European oil majors and utilities are snapping up huge volumes of solar projects so far this year, with France’s Total leading the way.
Total confirmed Tuesday that it will add another 2 gigawatts of capacity in Spain, including a development pipeline of 1.2 gigawatts and a 65 percent stake in a joint venture with Powertis for another 800 megawatts. Last week Total bought a 50 percent share in a 2-gigawatt pipeline with Adani in India for $510 million.
According to project data tracked by Wood Mackenzie Power & Renewables, more than 6 gigawatts’ worth of solar deals have been transacted barely six weeks into Q1, not counting the 800-megawatt joint venture between Total and Powertis. The comparable figure for Q1 2019 was 10.5 gigawatts, but 6 gigawatts of that figure came from one deal: the acquisition of Tradewind’s assets by Enel Green Power. The first six weeks of this year are already ahead of all of Q1 2018 and Q1 2017.
There are two main drivers behind the recent rush of activity. One is the increased interest from utilities and oil and gas players. The other is market dynamics in Spain, where the government is attempting to hit 40 gigawatts of PV by 2040 from a base of 10.6 gigawatts at the start of this year.
“We’re seeing so many transactions in Spain because it’s extremely difficult now to do greenfield project developments [there],” Tom Heggarty, principal analyst at Wood Mackenzie’s energy transition practice, told GTM. “All of the grid connection points [are] more or less saturated, either with existing assets in operation or those under development. Effectively that means that if you want to develop and own assets in Spain, and you’re not in the market already with grid connection in place, then you need to go into the secondary market.”
A wider trend in place in markets in Spain and beyond is the increased activity of oil and gas majors and utility firms in developing and acquiring their own assets.
“When everything was done under feed-in tariffs, green certificates or even by auction regimes, that allowed smaller, locally focused [independent power producers] to do pretty well. But now things are moving more toward merchant business models in many markets,” said Heggarty.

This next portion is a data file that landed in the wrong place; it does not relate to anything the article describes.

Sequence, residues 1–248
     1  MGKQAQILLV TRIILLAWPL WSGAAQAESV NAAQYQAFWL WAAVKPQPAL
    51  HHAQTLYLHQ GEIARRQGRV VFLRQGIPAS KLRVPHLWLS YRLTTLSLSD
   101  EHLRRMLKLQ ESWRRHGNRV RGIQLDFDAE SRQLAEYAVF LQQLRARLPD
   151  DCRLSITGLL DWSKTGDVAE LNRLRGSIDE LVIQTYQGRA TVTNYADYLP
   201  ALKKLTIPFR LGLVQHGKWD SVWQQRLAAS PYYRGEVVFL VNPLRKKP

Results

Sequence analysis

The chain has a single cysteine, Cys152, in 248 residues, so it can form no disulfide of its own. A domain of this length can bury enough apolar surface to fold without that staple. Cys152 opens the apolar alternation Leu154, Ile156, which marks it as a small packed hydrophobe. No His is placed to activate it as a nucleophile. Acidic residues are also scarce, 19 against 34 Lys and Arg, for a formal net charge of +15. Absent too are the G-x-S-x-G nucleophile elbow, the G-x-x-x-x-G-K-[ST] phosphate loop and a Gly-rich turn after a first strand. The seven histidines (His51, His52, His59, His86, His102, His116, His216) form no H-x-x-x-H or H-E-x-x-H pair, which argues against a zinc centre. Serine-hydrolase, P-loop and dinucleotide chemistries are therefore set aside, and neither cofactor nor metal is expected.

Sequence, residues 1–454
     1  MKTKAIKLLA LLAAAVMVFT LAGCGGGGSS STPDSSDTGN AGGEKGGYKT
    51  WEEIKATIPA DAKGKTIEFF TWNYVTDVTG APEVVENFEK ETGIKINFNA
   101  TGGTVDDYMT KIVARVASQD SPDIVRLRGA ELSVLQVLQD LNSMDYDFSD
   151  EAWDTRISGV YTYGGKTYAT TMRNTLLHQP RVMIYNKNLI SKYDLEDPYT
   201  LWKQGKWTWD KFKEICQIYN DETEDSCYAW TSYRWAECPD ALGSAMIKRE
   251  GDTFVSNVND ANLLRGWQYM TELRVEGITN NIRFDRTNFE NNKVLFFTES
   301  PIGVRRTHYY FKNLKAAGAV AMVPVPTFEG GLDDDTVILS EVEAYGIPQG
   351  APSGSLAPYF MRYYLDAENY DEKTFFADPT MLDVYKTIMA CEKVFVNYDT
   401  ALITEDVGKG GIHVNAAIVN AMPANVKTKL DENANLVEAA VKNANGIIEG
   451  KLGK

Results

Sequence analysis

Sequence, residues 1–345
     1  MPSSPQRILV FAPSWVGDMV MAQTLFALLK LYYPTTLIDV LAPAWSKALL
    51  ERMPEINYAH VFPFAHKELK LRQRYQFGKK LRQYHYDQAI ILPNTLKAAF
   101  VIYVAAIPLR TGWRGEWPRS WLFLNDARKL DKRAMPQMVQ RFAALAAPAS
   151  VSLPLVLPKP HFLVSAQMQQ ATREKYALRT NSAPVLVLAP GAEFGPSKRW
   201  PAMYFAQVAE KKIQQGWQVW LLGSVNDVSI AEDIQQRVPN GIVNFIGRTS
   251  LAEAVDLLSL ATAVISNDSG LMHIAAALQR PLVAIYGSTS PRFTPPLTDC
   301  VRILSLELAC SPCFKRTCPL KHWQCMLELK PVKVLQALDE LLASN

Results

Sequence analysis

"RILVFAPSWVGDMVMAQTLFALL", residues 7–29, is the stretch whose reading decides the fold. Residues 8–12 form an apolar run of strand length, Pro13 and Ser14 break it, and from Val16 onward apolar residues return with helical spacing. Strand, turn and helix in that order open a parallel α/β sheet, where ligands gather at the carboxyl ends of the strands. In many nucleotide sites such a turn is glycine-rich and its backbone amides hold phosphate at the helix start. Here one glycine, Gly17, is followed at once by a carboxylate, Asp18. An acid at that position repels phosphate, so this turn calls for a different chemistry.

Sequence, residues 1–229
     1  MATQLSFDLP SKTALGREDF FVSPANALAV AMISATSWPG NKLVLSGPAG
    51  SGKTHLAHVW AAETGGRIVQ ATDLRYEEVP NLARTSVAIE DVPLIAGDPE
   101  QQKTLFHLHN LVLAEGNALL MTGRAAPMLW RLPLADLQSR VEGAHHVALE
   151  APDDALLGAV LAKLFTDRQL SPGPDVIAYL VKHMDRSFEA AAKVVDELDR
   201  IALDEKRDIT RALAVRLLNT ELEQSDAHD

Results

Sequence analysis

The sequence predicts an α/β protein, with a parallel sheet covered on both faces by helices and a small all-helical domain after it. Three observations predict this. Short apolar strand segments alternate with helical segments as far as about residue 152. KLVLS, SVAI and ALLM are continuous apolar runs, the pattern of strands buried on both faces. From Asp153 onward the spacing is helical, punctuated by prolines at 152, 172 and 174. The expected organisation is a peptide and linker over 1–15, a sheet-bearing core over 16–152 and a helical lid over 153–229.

“That really requires a different set of capabilities, particularly around risk management, around power trading, around [power-purchase agreement] origination. The…large utilities are very well equipped to manage or to mitigate the risks that those kinds of investments bring,” Heggarty noted. “Then there are the oil and gas majors coming in.”
This pattern is likely to continue in developed markets where either there are no auctions or support mechanisms, or those instruments aren’t sufficiently stable to attract investors, Heggarty said.
Total “the largest solar player” among energy majors
Total’s entry into Spain is spearheaded by the acquisition of a 1.2-gigawatt development pipeline spread across Andalusia, Aragon and Castile-La Mancha. The 65/35 joint venture with solar developer Powertis will initially look to develop a pipeline of 800 megawatts.
The first projects could be operational by the end of the year, with Total aiming to have all of them up and running by the end of 2023.
Heggarty said Total had now “cemented its place as the largest solar player among the energy majors.”
So far this year, Portuguese oil firm Galp Energia bought 2.9 gigawatts of Spanish solar from ACS, a construction firm and renewable energy developer. PV equipment manufacturer Hanwha Q Cells has also acquired 1 gigawatt of capacity this year, also in Spain.
Other oil supermajors have been co-developing PV pipelines. BP expects to have a 50 percent share of 10 gigawatts of solar by 2023 via its Lightsource BP joint venture.
Shell has a major stake in U.S. developer Silicon Ranch and interests in a number of commercial and industrial players in Australia and India; it is also developing a 120-megawatt plant for one of its own gas facilities in Australia.
Italian oil major Eni has a 49 percent stake in Falck Renewables’ U.S. portfolio, with plans to develop 1 gigawatt of solar.